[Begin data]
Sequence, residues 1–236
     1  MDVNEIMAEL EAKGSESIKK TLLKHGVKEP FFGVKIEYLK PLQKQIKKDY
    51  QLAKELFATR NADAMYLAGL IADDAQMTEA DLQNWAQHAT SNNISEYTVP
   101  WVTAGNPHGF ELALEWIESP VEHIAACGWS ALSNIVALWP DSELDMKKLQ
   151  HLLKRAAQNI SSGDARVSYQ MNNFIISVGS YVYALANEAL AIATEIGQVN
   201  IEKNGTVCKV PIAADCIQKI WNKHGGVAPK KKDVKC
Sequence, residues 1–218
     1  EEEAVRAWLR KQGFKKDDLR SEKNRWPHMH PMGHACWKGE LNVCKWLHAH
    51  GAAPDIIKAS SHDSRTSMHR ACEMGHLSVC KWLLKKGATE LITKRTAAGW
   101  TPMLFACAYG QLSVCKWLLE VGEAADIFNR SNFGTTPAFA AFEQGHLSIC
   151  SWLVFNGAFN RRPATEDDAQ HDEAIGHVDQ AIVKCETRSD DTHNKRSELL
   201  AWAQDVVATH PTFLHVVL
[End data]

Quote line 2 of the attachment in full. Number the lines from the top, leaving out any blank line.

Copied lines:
     1  MDVNEIMAEL EAKGSESIKK TLLKHGVKEP FFGVKIEYLK PLQKQIKKDY